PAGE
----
On our recent trip along the shores of the Saint Lawrence river, wending our way to Quebec city, we stopped to watch this flock of snow geese wading through the marshy mud flats, feeding on he various aquatic plants, grasses etc. I was mystified by the black legs as the bird is described as having pink ones, until I realized that they were probably just covered in black mud! Snow geese, according to my birding app, pass through on their way in a Spring migration, and this was a first sighting of these birds for me. According to iBird, during the summer their heads are often stained red from gathering food in iron oxide laden mud.
Across the river you see the mountains of the opposite shore rising out of the mist, with the last of the snow trails just visible.
Those who have followed my postings on G+ have probably noticed that it's been a long time since I posted. No, I am not posting somewhere else, I have not moved to a new social network ;-). I have not been on a mentorship. I have just been ill, not able to do what I wanted to. So now I am hoping to be able to get back into sharing some of the images I have taken recently.
This one, however, was taken this time last year, when I was in Ontario. It seemed a good time to share it, as the colours are still beautiful, though many of the leaves have fallen. I hope you enjoy it.
For all my G+ friends, most particularly my good friend +Ursula Klepper who is a terrific support and friend, behind the scenes. Thank you Ursula. One of these days we will sit on that bench and talk. Maybe beside a lovely lake such as this.
Until I learn otherwise, I am saying that it is probably an immature female wood duck, as identified by +Mike Goodwin and seconded by +Stephen Thackeray – thanks a lot you two! I will change the title once we are 100% sure.
Another young bird photographed on the same overcast rainy day in Miner's Marsh in August. I thought it was a young mallard, but I see more clearly now that it probably isn't, as there seem to be no photographs of mallards with white stripes around the eyes and the base of the bill is not the right colour. There are many wrong things about it (not wrong, of course, just wrong for mallard) in my thinking, so I am stumped here. My bird app has not come up with an answer. Can you?
If you can identify it I will amend the title with the species name and credit you with the identification! (Now there's incentive for you! 😉 – it can be a real claim to fame. LOL)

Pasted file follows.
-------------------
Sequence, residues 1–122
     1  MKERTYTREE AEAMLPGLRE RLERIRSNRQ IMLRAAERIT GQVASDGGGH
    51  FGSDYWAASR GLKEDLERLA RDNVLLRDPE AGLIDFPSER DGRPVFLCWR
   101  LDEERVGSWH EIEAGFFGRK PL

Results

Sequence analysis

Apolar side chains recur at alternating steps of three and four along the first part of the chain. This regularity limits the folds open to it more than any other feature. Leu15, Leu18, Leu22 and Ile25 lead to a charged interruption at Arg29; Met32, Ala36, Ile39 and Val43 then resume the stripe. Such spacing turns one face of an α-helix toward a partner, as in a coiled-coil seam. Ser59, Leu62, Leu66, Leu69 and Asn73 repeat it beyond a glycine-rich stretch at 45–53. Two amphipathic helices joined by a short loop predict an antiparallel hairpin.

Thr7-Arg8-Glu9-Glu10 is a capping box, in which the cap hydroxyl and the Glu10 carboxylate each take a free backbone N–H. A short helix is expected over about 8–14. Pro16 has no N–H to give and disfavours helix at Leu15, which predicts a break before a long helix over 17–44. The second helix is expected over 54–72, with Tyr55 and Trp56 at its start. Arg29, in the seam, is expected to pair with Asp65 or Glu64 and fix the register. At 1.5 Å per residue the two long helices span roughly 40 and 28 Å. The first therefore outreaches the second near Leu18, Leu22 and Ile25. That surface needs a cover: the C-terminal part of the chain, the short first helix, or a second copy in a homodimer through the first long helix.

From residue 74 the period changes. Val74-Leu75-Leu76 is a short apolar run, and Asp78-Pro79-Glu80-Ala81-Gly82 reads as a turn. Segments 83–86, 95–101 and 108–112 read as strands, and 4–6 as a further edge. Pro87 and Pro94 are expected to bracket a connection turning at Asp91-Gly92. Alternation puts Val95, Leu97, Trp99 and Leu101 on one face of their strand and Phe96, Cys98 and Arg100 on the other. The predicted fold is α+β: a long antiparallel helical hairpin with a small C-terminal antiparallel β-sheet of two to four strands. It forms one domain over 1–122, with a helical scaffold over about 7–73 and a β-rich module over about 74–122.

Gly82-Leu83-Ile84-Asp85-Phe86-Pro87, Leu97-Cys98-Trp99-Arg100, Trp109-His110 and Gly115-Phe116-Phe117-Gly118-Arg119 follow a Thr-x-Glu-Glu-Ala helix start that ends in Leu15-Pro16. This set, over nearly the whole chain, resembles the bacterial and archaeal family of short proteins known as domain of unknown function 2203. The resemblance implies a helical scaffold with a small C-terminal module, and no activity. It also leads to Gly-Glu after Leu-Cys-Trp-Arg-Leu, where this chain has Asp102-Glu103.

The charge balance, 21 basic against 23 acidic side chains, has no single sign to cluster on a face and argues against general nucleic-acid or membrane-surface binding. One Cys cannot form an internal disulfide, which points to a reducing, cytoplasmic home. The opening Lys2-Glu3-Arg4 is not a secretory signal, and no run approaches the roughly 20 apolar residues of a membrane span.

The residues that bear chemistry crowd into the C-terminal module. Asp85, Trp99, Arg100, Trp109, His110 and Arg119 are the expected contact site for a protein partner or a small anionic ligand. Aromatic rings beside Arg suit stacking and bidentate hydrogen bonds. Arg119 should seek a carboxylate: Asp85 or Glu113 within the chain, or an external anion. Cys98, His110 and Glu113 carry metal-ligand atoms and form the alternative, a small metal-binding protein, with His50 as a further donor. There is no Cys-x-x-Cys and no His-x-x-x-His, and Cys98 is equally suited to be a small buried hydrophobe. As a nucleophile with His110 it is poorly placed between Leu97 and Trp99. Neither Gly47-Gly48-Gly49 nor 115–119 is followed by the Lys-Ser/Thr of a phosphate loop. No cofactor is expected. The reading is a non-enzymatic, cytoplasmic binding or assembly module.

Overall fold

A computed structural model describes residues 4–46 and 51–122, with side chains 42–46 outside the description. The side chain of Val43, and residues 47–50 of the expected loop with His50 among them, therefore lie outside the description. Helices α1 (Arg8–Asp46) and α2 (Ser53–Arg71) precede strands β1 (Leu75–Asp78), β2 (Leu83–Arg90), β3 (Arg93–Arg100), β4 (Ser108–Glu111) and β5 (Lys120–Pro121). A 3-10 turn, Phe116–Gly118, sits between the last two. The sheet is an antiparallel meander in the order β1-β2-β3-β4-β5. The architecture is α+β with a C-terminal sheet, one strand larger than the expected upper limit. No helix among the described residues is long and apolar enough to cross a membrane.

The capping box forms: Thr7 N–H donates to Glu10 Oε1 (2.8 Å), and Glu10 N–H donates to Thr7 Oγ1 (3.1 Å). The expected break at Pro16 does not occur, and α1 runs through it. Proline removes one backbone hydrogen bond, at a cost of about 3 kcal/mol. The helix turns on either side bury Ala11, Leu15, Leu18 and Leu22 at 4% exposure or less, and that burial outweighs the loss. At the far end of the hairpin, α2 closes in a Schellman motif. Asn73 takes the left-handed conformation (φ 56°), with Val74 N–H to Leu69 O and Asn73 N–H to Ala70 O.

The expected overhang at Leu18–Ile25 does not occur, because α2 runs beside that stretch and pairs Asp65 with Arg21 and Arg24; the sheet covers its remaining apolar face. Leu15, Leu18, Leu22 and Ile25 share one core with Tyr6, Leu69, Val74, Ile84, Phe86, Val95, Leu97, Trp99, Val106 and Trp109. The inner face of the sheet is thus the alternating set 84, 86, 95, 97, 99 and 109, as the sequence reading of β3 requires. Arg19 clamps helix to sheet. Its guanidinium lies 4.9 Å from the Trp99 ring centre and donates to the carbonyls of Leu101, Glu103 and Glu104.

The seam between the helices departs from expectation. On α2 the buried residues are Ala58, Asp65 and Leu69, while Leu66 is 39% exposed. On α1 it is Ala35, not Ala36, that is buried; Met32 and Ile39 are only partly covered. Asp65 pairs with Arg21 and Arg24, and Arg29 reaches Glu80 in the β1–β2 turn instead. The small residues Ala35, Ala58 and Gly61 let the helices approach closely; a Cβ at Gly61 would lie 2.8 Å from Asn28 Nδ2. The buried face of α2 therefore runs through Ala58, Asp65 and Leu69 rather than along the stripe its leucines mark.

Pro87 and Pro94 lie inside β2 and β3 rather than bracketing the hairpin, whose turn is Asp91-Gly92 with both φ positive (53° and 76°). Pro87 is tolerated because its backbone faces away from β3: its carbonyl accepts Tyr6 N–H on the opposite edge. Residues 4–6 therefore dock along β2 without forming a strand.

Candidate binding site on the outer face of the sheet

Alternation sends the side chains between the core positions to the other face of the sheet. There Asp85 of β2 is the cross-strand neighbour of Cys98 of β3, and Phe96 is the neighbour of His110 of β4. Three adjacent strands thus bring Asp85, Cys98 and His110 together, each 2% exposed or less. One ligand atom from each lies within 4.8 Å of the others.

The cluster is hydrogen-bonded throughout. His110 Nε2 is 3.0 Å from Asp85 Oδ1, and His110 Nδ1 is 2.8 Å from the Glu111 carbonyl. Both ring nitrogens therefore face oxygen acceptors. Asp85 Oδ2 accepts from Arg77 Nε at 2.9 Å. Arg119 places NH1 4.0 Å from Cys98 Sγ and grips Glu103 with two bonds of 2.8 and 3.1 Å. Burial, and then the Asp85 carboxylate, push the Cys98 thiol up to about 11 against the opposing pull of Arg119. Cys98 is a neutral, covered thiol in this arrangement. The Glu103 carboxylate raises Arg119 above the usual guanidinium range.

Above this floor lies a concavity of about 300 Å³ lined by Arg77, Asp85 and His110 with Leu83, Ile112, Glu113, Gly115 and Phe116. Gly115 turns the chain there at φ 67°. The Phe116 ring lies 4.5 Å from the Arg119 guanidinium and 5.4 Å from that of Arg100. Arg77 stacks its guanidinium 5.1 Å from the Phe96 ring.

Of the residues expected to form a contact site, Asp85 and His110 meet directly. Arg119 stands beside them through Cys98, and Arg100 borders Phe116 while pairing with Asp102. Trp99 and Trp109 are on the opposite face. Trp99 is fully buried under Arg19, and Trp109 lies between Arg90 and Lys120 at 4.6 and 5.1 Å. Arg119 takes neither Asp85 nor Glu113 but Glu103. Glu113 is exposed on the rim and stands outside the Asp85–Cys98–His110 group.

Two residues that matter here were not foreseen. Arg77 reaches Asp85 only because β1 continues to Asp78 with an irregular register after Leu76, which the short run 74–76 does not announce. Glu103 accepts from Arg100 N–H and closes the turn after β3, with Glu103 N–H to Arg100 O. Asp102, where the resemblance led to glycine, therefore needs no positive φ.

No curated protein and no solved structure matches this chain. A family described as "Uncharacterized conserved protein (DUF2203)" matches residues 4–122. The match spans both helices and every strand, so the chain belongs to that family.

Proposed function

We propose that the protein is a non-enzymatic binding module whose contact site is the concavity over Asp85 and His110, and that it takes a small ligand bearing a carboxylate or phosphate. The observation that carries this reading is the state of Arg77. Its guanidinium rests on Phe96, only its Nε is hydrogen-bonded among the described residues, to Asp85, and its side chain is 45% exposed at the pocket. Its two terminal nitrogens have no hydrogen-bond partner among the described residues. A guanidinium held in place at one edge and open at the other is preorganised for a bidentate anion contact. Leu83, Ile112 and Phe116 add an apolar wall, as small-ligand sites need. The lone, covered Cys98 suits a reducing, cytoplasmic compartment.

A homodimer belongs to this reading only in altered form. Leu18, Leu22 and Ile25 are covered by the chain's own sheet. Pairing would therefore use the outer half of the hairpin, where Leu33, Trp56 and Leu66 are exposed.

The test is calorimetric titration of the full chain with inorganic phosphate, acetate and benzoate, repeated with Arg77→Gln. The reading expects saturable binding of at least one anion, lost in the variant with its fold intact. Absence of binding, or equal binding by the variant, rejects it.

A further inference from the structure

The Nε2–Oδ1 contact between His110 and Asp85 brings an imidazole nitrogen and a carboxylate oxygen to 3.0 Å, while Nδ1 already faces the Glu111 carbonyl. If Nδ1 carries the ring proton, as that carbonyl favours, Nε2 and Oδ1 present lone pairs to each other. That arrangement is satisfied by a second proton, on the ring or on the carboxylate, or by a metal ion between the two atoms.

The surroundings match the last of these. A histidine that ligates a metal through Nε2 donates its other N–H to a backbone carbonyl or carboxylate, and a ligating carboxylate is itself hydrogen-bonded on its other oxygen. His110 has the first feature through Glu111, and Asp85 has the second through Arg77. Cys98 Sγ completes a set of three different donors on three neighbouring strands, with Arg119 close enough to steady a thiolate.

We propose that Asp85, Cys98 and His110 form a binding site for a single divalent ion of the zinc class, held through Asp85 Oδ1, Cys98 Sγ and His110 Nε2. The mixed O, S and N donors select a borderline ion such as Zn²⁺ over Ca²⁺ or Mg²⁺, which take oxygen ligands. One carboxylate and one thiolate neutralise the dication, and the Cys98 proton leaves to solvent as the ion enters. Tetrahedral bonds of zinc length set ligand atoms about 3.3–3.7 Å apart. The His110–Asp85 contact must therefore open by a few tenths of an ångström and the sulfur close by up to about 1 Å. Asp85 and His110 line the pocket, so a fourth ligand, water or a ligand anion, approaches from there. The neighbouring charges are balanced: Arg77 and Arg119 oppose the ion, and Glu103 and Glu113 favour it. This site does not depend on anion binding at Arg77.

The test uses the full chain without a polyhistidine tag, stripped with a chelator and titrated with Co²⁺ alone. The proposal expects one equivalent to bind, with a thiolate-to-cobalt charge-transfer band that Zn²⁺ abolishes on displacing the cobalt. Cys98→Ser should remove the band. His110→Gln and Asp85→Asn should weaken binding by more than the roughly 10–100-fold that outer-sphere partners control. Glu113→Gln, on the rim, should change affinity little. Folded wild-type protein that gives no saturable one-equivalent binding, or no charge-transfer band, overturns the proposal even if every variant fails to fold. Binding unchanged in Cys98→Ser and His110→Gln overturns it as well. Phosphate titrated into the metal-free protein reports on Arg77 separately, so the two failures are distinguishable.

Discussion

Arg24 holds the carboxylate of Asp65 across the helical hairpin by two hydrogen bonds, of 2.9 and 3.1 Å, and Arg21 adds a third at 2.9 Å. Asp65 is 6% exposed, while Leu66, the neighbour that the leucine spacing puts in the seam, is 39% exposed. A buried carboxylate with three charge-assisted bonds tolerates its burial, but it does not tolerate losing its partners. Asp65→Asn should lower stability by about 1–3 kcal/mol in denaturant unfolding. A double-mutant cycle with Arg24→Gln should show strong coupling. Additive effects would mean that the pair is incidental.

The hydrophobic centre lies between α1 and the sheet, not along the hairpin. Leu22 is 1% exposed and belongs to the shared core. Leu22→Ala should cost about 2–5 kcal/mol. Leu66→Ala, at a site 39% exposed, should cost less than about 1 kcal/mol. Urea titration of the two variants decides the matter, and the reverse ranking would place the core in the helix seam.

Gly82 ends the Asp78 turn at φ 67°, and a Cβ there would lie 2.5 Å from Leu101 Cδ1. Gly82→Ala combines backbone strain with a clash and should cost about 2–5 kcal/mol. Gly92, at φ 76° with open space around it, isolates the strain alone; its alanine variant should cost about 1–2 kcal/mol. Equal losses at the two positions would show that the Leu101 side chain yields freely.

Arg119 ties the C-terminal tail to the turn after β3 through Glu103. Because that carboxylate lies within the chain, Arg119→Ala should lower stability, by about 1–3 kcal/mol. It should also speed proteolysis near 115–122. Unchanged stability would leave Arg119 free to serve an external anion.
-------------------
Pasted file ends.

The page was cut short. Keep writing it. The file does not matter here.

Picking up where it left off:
Are you not able to comment on Google+ because you don't belong? Would you prefer to comment on my blog? It's right here with all my G+ posts on it: https://www.elliekennard.ca .
I walked around the Kentville Miner's Marsh area a few weeks ago, on a dull day and managed to see quite a number of wildfowl, many of which were too far away to get decent photographs especially as the light was poor and it was windy. This youngster was swimming and diving not too far from the shore and I got several of him. I thought at the time that when he went underwater it was almost as if he didn't so much dive as simply submerge out of sight. Almost as if he sank underwater.
He was a little hard for me to identify and even another (much better) bird photographer didn't have any idea what he might be, looking at my photographs. I was a little disheartened (feeling that my images had not done the bird justice) until I found it on my bird identification app and the images of it were no better than this one. He looks very odd, quite like a clown as the article below says.
The Sunday of April 14th was a red letter day for me. I saw two birds that were firsts for me. One was this snowy egret, which is a rarity in our part of the world, the other was an unusual bird whose photograph I will post shortly (one per day for the project, so it has to be for another day). During the week before, I had been hearing about the snowy egret sightings that had been announced on our rare bird watch group and was feeling frustrated as they were all a fair distance away from where we live. On top of that, the renovations going on in the house meant that it was impossible to go for a long drive and just abandon the work. And of course going for a drive to a 'last sighted' location, over 1 hour drive away did not guarantee a sighting – it could have been a wild goose egret chase. So I kept quiet and said nothing and, I guess, felt a bit sorry for myself.
On Sunday another sighting came in and this time, with the work temporarily halted, I mentioned it to Steven. In no time at all I found myself in the car and on the way across the province. It was a dull grey day, with a drizzle falling at times, but it was nice to get away from the dust and rubble, even if we hadn't sighted the egret. As you see here, of course when we got there, it was still feeding along the banks of the bay. I couldn't get as close as I wanted as it was a good way across the water, but I did get a good number of photographs of it. A great blue heron was keeping it company and it was lovely to just sit in the car and watch this rare visitor.